Green’s Dictionary of Slang

deck n.1

[orig. naut. use]

1. (orig. US) the floor, the ground.

[US] in Spirit of the Times (N.Y.) 27 Feb. 15: You mustn’t [...] keep rolling your eyes about the deck; and when people gets up and sits down, mind you gets up and sits down, too.
[US]C.L. Cullen Tales of the Ex-Tanks 54: Shut up, Seven [...] Nine has now got the deck.
[UK]E. Raymond Marsh 142: The grey hair, damp and wispy, told of nights in the doss or nights ‘on the deck’.
[US]‘Hal Ellson’ Rock 69: All I see is fists coming. I hit the deck.
[UK]F. Norman in Vogue Oct. in Norman’s London (1969) 28: They kip all over the deck in rows.
[UK]B.S. Johnson All Bull 30: Get your feet on the deck! Come on!
[Aus]M. Walker How to Kiss a Crocodile 120: [of a cricket pitch] Next morning before the toss of the coin, the deck looked like a highly polished dance floor.
[UK]G. Tremlett Little Legs 92: Once they’re on the deck they never get up.
[UK]Guardian G2 4 Mar. 18: But guv, there’s some poor geezer on the deck in the obbo.
[UK]J.J. Connolly Viva La Madness 292: That’s Special Needs Stevie on the deck, there, dead?
[Aus]N. Cummins Tales of the Honey Badger [ebook] ... landing on the deck with a busted beak and a split eye.

2. the roof of a train or stagecoach.

[US]B.F. Taylor Jan. and June 58: Did you ever creep gingerly [...] up to the deck of a railway Car, when the train was moving? [DA].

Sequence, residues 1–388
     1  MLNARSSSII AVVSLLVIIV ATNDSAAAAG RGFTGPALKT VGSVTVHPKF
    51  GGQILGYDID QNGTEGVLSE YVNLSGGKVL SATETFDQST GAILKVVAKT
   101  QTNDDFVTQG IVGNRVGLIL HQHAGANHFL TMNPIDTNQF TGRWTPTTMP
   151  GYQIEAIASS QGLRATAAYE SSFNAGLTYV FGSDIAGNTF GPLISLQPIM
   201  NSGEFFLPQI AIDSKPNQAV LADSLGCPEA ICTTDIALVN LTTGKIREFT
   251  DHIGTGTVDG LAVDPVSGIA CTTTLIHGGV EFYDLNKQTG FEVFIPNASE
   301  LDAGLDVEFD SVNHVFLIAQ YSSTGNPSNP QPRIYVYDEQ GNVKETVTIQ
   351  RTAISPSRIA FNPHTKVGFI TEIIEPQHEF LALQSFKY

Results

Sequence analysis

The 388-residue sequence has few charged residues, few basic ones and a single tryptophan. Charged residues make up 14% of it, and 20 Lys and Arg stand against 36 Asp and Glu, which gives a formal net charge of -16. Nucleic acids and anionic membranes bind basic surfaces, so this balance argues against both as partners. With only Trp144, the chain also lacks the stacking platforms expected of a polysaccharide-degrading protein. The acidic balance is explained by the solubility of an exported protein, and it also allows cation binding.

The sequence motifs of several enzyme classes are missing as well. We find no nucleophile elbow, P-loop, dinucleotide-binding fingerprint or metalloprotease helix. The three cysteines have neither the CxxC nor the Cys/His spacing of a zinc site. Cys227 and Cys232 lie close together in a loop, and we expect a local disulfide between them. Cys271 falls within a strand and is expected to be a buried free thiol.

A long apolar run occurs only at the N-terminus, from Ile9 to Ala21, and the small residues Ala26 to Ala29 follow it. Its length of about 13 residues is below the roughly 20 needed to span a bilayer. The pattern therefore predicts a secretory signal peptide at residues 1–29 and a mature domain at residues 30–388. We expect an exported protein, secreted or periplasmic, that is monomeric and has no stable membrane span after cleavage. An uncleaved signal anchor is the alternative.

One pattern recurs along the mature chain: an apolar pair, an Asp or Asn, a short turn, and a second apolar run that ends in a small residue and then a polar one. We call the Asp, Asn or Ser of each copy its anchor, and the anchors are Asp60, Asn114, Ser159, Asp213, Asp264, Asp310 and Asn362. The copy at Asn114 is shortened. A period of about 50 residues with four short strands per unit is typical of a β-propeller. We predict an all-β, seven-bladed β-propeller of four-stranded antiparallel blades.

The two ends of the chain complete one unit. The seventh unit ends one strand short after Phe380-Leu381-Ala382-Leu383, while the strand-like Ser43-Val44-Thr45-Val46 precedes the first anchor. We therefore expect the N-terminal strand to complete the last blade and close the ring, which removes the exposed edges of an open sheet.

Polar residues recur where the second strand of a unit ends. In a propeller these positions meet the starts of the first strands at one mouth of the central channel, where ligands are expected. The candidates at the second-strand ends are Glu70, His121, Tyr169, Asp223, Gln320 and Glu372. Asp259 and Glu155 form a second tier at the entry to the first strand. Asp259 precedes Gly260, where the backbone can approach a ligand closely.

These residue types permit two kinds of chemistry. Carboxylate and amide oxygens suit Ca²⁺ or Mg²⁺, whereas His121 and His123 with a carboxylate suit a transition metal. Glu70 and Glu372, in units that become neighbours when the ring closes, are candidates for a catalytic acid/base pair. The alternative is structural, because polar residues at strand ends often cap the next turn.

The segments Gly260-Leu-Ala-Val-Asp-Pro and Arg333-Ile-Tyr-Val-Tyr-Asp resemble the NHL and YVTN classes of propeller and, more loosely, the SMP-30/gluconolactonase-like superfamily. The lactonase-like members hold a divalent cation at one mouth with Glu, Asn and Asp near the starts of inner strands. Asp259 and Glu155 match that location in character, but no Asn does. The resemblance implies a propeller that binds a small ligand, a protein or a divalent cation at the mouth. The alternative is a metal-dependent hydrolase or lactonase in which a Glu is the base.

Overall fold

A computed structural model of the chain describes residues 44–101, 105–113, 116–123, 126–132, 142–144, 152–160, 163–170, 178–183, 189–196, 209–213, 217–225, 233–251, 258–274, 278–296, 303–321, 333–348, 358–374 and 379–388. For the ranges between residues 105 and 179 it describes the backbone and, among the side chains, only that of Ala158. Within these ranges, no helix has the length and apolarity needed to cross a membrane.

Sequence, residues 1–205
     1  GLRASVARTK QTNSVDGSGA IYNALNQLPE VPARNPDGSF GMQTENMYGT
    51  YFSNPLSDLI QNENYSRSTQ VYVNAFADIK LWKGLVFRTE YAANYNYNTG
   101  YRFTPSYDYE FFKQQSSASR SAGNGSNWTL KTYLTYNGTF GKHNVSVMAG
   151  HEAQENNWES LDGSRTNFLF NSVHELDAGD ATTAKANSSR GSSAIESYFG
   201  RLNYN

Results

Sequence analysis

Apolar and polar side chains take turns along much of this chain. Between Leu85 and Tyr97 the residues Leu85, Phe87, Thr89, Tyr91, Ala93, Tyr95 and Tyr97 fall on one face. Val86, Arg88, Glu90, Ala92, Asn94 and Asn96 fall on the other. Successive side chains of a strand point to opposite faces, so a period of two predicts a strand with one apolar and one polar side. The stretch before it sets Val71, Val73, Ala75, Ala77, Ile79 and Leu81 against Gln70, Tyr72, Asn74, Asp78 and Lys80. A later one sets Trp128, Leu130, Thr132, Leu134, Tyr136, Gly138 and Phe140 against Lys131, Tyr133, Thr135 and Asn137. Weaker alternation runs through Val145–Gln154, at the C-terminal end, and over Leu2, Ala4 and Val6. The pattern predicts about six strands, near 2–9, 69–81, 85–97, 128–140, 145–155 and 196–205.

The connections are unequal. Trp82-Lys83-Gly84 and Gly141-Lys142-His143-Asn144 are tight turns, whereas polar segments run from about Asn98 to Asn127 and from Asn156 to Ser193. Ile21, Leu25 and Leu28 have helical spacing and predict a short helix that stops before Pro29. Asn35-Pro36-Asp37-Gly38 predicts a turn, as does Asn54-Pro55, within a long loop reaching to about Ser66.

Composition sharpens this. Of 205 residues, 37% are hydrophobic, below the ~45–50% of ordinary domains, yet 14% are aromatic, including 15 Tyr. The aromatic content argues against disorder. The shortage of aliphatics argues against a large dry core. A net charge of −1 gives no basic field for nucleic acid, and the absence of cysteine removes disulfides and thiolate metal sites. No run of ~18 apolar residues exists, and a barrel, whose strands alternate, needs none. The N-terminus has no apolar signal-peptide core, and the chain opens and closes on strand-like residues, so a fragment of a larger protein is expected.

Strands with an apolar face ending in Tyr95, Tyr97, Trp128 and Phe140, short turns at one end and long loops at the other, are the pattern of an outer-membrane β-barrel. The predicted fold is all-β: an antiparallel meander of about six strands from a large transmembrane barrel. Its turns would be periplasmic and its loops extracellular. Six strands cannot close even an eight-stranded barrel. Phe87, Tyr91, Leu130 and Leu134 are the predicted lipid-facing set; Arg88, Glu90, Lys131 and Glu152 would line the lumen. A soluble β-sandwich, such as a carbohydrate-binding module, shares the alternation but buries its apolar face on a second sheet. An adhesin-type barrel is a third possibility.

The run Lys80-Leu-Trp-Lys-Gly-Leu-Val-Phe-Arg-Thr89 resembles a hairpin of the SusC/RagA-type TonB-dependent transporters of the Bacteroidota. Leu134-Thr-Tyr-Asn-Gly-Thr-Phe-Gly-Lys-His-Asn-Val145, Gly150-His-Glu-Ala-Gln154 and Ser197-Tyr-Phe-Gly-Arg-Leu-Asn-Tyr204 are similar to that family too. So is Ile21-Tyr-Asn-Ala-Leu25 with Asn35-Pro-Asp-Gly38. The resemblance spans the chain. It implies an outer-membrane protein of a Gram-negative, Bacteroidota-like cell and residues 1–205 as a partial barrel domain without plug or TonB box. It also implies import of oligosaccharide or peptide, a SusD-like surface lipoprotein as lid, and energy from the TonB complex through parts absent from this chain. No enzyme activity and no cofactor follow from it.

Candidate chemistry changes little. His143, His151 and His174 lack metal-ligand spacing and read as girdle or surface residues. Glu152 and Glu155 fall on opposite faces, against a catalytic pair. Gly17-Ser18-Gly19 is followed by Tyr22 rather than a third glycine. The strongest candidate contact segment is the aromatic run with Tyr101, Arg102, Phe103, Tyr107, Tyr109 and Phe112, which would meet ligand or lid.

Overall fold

[US]W.S. Tyler Hist. Amherst College 185: The driver [...], opening the door, asked if any passenger would resign his seat for one ‘on the deck,’ in favor of a lady [DA].
[US]J. London Road 37: I am on top of the train — on the ‘decks,’ as the tramps call it, and this process I have described is by them called ‘decking her.’.
[US]G.H. Mullin Adventures of a Scholar Tramp 8: Uneasy lies the head that wears a telescoped crown on the decks!
[US]G. Milburn ‘The Dealer Gets It All’ in Hobo’s Hornbook 150: We’d rode the deck and gunnels on a pullman out o’ Chi.
[US]Goldin et al. DAUL 57/1: Deck [...] 2. (Hobo) The top of a freight or passenger train. (’To ride the deck.’).

3. (US black) the street.

[US]L. Durst Jives of Dr. Hepcat (1989) 9: Honey, my ticker jumps off time whenever you cruise on deck, because your togs naturally climbs your frame, and your map is the road of paradise.

In phrases

hit the deck (v.)

1. to get up from one’s bed.

Alumni Quarterly of Hamline University 10-15 12: At three o’clock yesterday morning I awoke. I had heard the familiar ‘hit the deck’ as our Master-at-Arms shouted.